North East Chapter – Irish Woodturners Guild

 

  December 2013

 

The 14th AGM of the North East Chapter reflected another successful, fulfilling and active year. However, it was not without sadness when we learned of the sudden passing of our esteemed woodturning colleague and friend, Luke Sharkey – his obituary appears in the News section of the website.

 

The following members were elected to officiate for 2014:-  

Chairman - Peter Donagh:  

Secretary – Dave Carroll:  

Deputy Sec. – Seamus Cassidy:  

Treasurer – Richard Coyle:  

Deputy Treasurer – Pamela McMahon:  

P.R.O. – Bob Dier:  

Web Site – Dave Kelly:  

Catering – Gerard Corrigan: 

 

 

Seamus Cassidy continued to demonstrate the techniques involved in making a Baby’s Rattle, with a central holding handle and a ball at each end.  Safety features of the finished project are of paramount importance: each ball must have a minimum diameter of 46 mm, in order to prevent it from fitting into the child’s mouth, and a wall thickness of at least 6 mm to avoid cracking when dropped to the floor.  Each ball joining must be secured with strong Epoxy glue. 

 

Starting with 175 mm X 50 mm between centers, bring to a round with a spigot at each end.  Mark dimensions of each ball with their centre lines, and continue to shape each ball and central holding handle.  Using a narrow parting tool cut off half of the first ball and mount in chuck.  A central ball washer of contrasting timber may be fitted for enhancement.  Cut recess for washer and hollow out with a spindle gouge; starting in the centre, perform a pull cut to the outer edge working at 10 to 10 o’clock. Repeat this process for each half ball.  Prepare washers for fitting into recess.  Select material to be used in rattle: in this instance 12 BB Bullets were put in each ball before assembly using Epoxy glue applied to the recess, and then clamped between head and tail stock ensuring a tight and secure fit.  Avoid heat build up on end grain when sanding to eliminate possible heat cracks.  Lightly highlight joints with a burn wire before wetting the entire rattle to raise the grain.  Gently and carefully dry with a hairdryer and re-sand.  Repeat the wetting, drying and sanding, and finish with a soak in hot Walnut oil.  Thank you Seamus for bringing us through this simple but yet, very exacting process.    Useful tip to remember when texturing a bowl rim, - it is recommended to cut from outside to inside in order to avoid tear-out at the outer edge. 

 

Thanks also to Seamus for his valued critique on the following items:- 

 

 

tn_Textured Coloured bowl – Peter Donagh

Textured /coloured Walnut and Cherry bowls

– Peter Donagh

 

tn_Iroko Platter – Richard Coyle

Iroko Platter – Richard Coyle:

 

 

tn_Pestle and Mortar – Beech & Oak – Bob Dier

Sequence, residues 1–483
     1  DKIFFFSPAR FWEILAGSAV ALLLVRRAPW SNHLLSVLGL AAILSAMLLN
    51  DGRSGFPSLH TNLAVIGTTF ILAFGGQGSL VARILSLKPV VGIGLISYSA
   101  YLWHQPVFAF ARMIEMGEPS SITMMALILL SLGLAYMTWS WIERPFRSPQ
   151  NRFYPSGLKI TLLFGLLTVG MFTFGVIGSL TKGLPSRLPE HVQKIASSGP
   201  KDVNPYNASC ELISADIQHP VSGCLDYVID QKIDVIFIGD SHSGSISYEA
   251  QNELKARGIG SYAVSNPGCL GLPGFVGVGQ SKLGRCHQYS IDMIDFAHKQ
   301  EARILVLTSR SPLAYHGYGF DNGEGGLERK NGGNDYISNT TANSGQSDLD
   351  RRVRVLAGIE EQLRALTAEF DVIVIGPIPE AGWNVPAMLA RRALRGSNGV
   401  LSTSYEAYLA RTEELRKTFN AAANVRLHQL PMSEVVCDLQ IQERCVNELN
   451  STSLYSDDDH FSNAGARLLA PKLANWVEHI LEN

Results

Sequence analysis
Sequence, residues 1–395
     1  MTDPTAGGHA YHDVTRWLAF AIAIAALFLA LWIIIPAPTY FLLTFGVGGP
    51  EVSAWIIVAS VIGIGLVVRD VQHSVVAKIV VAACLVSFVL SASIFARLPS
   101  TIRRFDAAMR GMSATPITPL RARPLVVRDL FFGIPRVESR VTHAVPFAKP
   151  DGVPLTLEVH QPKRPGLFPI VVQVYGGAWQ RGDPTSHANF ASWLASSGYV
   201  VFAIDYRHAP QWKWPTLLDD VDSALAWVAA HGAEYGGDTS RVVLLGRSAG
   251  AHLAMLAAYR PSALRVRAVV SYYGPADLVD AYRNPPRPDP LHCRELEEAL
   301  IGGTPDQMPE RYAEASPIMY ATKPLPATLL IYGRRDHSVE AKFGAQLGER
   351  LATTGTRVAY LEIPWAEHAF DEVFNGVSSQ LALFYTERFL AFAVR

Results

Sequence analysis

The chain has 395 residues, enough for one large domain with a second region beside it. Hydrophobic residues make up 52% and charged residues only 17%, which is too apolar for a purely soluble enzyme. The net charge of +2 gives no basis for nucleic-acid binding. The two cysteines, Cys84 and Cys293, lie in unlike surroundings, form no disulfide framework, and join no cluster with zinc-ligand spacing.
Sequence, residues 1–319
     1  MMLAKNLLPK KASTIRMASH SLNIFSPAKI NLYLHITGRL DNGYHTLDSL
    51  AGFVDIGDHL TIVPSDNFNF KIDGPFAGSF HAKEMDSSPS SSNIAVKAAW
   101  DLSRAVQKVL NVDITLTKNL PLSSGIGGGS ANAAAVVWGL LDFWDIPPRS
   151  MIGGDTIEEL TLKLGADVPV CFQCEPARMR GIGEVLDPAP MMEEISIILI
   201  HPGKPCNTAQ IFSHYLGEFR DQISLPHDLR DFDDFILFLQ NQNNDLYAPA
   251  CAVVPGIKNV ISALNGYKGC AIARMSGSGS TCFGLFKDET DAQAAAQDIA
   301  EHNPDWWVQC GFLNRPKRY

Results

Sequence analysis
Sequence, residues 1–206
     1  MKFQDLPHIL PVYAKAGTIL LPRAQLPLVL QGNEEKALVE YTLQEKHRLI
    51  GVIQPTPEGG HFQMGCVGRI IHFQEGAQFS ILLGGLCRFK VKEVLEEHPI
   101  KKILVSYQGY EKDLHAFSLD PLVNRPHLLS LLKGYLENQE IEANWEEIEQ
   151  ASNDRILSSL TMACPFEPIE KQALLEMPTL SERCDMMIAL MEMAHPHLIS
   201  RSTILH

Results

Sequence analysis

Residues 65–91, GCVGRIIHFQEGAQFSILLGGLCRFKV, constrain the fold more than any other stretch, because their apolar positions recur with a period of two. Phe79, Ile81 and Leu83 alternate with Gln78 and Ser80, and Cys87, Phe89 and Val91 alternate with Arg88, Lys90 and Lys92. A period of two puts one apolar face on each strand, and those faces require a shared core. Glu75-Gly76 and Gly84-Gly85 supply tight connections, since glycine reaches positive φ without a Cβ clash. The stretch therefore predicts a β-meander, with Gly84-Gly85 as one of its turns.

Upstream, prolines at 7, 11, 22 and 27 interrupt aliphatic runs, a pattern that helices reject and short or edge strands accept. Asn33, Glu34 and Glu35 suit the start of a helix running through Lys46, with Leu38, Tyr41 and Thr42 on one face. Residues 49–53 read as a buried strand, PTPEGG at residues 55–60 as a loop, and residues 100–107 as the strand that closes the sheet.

Pestle & Mortar in Beech and Oak – Bob Dier: 

 

 

tn_Beech hinged box – Bob Dier

Beech hinged box – Bob Dier: 

 

 

tn_Red and Black textured Iroko bowl – Michael Clarke

Iroko textured and coloured bowl – Michael Clarke: 

 

 

tn_Iroko supported box – James Halligan

Supported Iroko box – James Halligan.

 

Pair of snowmen – Gerard Corrigan: No Photo available

 

 

 

  • Luke Sharkey RIP 

     

    It is with great sadness that we record the death of our colleague and friend Luke Sharkey on 25th November 2013, aged 86.  Luke was a regular attendee at our Northeast woodturning meetings, and he was with us for our October demonstration, sharing his wit and quick sense of humour.  

     

    Luke spent most of his life at sea; serving in the Merchant Navy, and as Captain of his own fishing boat ‘Cuan Mhuire’ operating from Clogherhead Harbour, Co. Louth.  Not only was he a skilled boatman, but also a competent   maintenance and corker practitioner, and his expertise was in constant demand from his fellow fishermen companions.  He was also a valued member of the Lifeboat Service. 

 

tn_Luke Sharkey RIP

 

His love of the sea is reflected in his input into the erecting and positioning of the Stella Maris statue, with its light shining out over Clogherhead Harbour guiding the fishing boats home, and protecting those who travel or seek their livelihood on the sea. 

 

Following his funeral mass in St. Michael’s Church, Clogherhead, the ever haunting sound of Whistle and Violin playing ‘The Lonesome Boatman’ echoed throughout the Church before he was laid to rest in Mullagh Cemetery overlooking Clogherhead Harbour. 

 

To his wife Mona, and his sons Gerard and Noel, and daughters Dolores, Patricia and Nuala, and extended family we extend our sincere sympathy. 

 

Ar dheis De go raibh a anam – May his soul be on God’s right side.